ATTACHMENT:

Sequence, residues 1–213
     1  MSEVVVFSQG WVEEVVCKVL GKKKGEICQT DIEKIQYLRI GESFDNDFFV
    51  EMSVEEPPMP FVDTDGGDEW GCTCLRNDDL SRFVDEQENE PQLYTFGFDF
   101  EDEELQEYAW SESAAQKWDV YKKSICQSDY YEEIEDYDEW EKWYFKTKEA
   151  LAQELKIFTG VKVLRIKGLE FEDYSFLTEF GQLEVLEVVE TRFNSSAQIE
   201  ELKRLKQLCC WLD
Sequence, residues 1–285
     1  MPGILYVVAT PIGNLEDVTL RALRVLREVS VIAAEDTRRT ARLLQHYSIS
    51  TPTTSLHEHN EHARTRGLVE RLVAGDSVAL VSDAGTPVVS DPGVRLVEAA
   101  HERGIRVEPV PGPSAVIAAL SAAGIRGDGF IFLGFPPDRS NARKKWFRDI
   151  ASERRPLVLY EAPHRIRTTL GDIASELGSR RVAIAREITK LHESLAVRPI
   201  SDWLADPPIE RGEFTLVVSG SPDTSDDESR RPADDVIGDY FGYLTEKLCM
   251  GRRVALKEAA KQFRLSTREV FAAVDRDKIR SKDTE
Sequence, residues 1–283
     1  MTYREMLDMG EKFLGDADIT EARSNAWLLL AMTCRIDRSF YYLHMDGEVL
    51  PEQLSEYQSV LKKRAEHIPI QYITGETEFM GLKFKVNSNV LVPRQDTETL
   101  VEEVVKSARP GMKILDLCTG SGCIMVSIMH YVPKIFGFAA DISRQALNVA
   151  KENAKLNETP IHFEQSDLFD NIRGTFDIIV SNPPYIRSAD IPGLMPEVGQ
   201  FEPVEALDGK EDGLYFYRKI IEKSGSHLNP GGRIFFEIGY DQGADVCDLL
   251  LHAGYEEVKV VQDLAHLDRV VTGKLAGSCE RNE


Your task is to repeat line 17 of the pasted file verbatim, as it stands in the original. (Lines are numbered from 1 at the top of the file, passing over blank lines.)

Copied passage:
   101  VEEVVKSARP GMKILDLCTG SGCIMVSIMH YVPKIFGFAA DISRQALNVA